By the blessings of the undeceiving guru and the [Three] Jewels,

may I attain and persevere in solitude;

by the force of a place of seclusion,

may I attain a mystic’s isolation

of body, speech, and mind.

May I be blessed by the mountains of solitude.

Thanksgiving

We are in the midst of Canadian Thanksgiving weekend and honouring Sabbath holds more meaning although maybe it should not. What if I were grateful and thankful each day-each moment?

Gratitude and thankfulness

Celebrate each moment

Turn to beloved others

Hold tight

Recognize worth

Share sacred

Moment by moment

Recognize extraordinary

Revealed in ordinary

What I take for granted

It is there

In each moment.

The rich bounty

Feel blessed.

That is Kathy standing on a rock right above Rearguard Falls on the Fraser River in Mount Robson Provincial Park. Two things I am grateful for.

Mount Robson Provincial Park – British Columbia

We stopped several times in Mount Robson Provincial Park. I find an advantage in most Canadian provincial parks is the accessibility of many of the featured places. Our first stop was at the visitor centre at the base of Mount Robson. We walked a few hundred metres up the Berg Lake Trail. The headwaters of the Robson River are located at the base of the mountain and begin with Robson Glacier. The river runs fast and has many areas where rapids and small waterfalls flow. The colour of the water is a product of the rock particles the glacier scrapes from the bedrock it passes over.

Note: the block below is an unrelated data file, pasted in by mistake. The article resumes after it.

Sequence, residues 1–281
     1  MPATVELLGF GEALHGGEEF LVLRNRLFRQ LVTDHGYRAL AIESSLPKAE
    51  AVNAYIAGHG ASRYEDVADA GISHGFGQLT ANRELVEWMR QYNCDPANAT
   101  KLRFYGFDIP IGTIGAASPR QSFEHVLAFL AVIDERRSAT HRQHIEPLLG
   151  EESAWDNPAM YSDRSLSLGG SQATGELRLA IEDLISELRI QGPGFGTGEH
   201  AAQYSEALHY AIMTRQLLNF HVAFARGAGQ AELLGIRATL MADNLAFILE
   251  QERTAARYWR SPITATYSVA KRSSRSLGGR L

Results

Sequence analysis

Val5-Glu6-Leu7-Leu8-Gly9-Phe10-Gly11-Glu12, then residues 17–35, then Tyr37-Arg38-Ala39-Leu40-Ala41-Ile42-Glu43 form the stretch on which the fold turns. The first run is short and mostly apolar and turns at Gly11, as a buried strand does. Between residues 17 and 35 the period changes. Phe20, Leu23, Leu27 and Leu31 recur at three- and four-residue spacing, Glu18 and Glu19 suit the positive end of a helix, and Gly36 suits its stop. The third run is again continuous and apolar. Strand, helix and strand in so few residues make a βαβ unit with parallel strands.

Mount Robson towers above the valley and dominates the skyline. It is not always fully visible, but is still the most imposing feature of this area.

We stopped again at Overlander Falls which is on the Fraser River below its confluence with the Robson. These falls are less spectacular than others we have seen, but even I was able to get down to the viewing area. They are about 10 metres tall and 30 metres wide.

A person realizes the slope of the river when they look at a picture of it below the falls. We captured the blue-green colour of the Fraser closer to its headwaters in these two pictures.

Our next stop was at Mount Terry Fox. Terry Fox is a Canadian hero who began the Marathon of Hope in St. John’s Newfoundland on April 12, 1980 by dipping his artificial leg in the Atlantic Ocean. He lost the leg to his first battle with cancer and had to stop the marathon on September 14, 1980 near Thunder Bay due to a relapse. He passed away at the age of 23, but left an important legacy for Canadians.

Our last stop was at Rearguard Falls which are at the top of the hill before Tete Jaune Junction.  These falls are quite wide and hard to get good shot from above them. We took this picture at the bottom of the trail and stairs. It was still hard to do justice to the width of the falls.

I was down at the falls level. The provincial parks people built a great set of stairs for the final foray to the bottom for me. I was not getting any closer, but this captured a bit more of the width of the river at this point.